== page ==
Can Whitner increase productivity in Year 3? (Photo Source)
Prior to the 2008 NFL Draft - in fact, prior to the free agent signing period of this past March - we took a look at the Buffalo Bills' roster position by position, breaking down then-current personnel, finding holes, and building our community needs list.
Now that free agency and the Draft have been completed, and the Bills have infused their roster with new talent, it's time to repeat our process. Where has Buffalo gotten better? Where have they gotten worse? How will additions impact which Bills veterans remain on the roster? These are questions that we've been attempting to answer for the past week or so, and will continue to do so.
We continue those discussions today with an examination of Buffalo's strong safeties. To view our previous discussions on Buffalo's SS situation (pre-off-season), bang it here.
Donte Whitner: Entering his third year in the league - and his third as the Bills' starting strong safety - Donte Whitner, at least from your humble narrator, is facing lofty expectations. Whitner is regarded as one of the best young safeties in the NFL (and that very well may be true), but on a weak Bills defense, Whitner's production has been anything but elite. In '07, Whitner notched 89 tackles (good for third on the team) and an interception. He brings a lot to the table in terms of consistency, athleticism and leadership qualities, but with the team making significant defensive improvements this off-season, the pressure is on Whitner to produce like a #8 overall pick should. I like this kid - but he's still got something to prove.
Bryan Scott: Signed as a street free agent during the '07 campaign, Scott was a pleasant surprise as a reserve safety and situational blitzer and run stuffer. Scott has bounced around the league a little, but when the Bills re-signed him this off-season, it was an excellent move - they've brought back a player who knows the system, knows his coaches and teammates, and can play an important role in a defense that could still use more diversity. He's got special teams value as well. Scott may end up being the top reserve at both safety spots for the Bills - yes, even ahead of George Wilson.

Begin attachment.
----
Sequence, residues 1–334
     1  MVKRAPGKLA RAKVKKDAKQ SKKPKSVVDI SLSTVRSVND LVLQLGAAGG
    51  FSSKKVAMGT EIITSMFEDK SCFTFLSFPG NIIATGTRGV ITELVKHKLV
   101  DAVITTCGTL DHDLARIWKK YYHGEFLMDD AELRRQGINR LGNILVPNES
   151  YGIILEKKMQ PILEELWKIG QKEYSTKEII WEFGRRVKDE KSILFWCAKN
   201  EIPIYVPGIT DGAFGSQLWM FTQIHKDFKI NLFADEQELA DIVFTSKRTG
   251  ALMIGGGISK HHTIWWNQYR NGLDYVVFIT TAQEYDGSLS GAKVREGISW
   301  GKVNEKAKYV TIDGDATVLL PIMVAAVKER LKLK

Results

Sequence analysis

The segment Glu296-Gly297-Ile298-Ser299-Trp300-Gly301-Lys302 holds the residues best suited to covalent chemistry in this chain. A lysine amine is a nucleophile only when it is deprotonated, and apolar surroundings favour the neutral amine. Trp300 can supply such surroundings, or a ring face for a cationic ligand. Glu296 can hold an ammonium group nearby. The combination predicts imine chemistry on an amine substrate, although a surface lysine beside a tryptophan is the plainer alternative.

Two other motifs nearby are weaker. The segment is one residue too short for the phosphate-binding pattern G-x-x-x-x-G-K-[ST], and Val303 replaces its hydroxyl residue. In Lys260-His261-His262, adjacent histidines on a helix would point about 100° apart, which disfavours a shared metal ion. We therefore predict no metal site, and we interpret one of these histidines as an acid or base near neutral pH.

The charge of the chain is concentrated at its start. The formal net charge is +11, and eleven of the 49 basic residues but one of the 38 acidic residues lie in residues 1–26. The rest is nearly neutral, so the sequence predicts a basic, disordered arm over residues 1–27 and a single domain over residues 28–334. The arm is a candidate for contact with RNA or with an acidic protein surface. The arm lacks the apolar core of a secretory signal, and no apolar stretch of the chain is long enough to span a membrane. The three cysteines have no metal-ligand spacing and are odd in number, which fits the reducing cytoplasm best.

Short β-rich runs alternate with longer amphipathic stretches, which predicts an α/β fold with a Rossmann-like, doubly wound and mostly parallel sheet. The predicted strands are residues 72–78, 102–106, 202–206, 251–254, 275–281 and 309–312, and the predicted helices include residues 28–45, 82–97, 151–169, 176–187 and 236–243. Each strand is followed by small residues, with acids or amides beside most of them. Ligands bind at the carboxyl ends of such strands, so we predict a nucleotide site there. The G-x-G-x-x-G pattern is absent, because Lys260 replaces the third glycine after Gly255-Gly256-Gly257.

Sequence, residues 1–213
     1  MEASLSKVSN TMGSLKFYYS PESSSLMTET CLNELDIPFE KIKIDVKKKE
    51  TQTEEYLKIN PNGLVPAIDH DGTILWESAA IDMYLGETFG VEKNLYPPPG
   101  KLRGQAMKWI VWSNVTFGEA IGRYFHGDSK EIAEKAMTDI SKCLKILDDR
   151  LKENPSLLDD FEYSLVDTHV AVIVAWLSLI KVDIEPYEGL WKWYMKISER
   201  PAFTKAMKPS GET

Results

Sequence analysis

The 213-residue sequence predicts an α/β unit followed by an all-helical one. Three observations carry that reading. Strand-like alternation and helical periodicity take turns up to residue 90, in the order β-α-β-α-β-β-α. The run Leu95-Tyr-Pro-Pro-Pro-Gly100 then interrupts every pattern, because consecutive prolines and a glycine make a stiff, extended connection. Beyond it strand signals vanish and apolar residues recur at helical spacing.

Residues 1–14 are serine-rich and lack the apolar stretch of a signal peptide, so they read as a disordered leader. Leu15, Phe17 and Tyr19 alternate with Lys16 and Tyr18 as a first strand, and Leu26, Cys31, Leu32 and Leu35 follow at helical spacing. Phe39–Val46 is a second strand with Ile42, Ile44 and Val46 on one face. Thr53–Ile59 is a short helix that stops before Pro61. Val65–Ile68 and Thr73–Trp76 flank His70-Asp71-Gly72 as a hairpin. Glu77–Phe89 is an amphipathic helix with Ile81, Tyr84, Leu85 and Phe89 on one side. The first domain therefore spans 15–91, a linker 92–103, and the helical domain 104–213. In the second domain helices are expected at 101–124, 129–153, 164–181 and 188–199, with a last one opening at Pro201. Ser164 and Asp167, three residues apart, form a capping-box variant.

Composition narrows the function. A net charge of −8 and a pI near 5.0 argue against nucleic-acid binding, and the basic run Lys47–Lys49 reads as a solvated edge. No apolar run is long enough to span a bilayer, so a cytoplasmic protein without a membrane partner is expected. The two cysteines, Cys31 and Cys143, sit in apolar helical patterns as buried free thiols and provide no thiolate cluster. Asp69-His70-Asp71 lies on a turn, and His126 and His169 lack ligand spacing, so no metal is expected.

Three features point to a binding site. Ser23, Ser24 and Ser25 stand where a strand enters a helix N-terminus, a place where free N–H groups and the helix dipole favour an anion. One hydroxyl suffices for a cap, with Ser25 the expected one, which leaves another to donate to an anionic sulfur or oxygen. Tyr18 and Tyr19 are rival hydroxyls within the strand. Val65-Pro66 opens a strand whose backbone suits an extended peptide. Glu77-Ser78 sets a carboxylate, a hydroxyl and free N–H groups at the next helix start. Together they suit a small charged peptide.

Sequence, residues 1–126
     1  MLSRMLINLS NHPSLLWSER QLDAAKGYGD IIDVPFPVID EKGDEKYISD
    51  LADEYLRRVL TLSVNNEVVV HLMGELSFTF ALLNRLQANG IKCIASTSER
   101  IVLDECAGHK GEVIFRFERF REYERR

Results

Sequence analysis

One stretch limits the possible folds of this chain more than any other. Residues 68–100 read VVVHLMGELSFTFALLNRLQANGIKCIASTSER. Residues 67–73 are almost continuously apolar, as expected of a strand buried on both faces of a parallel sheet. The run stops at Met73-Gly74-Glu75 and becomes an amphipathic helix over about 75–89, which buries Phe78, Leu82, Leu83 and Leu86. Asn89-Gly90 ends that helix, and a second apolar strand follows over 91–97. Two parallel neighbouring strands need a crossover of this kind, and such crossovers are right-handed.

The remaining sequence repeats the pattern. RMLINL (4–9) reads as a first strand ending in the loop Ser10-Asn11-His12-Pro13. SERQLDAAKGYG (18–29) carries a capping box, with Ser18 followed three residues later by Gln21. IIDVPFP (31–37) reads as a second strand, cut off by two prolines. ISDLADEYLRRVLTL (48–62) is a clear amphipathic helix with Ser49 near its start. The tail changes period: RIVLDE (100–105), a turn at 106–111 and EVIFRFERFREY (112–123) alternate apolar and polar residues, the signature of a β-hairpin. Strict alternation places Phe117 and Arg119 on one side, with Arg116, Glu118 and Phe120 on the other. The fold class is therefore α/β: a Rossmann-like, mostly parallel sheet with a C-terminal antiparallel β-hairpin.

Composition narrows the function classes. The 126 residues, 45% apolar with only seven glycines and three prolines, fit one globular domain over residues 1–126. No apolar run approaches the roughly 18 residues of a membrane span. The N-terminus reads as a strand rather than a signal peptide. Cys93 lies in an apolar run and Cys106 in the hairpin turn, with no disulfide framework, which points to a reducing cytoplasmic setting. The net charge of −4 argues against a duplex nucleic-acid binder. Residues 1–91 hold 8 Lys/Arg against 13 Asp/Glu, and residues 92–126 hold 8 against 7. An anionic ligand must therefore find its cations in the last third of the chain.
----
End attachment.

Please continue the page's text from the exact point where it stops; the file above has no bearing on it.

John Wendling: No, I'm not sure what position he plays. I'm not even sure he'll see the field as a defender outside of the pre-season in 2008. All I know is this - just like a very similar player named Coy Wire, Wendling is a safety in a linebacker's body, and his specialty will be as... well... a specialist. Will Wendling ever play defense in any capacity? That remains to be seen. What's known is this - Wendling will be a centerpiece of a revamped special teams unit, and therefore his value to this team is underrated by many.
The Additions: None.
The Subtractions: None.
Pre-Season Outlook: Unlike the free safety position, which is largely unsettled, there shouldn't be too many surprises at the strong safety position throughout training camp and the pre-season. Whitner is the starter, and he's probably going to be the defender who plays more than any other (barring injury, of course). Scott is the niche player that can make an impact as a reserve, and Wendling is the centerpiece to the team's new-look special teams units. There's still something to prove for all three players (but especially in Whitner's case), but this position is settled and, by and large, very strong.
As always, your thoughts and opinions are welcome and encouraged in the comments section. We'll wrap up our State of the Roster II series this afternoon with a general discussion on the team's special teams units.